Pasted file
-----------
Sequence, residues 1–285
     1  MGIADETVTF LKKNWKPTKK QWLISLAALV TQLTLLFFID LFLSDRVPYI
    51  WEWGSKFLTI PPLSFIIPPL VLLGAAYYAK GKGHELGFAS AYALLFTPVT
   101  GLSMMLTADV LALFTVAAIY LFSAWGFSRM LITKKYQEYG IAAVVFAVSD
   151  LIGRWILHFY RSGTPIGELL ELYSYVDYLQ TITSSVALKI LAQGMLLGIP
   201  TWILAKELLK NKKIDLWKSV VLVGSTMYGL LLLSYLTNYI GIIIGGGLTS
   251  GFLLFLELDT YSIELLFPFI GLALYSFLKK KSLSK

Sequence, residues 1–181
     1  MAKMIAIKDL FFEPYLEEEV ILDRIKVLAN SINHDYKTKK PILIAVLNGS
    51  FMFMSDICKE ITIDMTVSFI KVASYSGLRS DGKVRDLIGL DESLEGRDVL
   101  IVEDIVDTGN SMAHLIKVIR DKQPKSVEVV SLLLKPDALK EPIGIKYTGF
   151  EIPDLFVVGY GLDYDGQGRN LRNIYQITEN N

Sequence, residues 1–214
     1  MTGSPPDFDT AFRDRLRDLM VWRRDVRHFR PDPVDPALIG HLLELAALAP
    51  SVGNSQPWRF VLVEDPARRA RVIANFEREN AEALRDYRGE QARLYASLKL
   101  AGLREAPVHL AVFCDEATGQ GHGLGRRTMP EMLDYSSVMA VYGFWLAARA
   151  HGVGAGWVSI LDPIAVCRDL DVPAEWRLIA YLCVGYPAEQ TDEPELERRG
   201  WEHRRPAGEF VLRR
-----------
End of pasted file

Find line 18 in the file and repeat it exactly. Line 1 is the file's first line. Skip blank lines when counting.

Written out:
   201  WEHRRPAGEF VLRR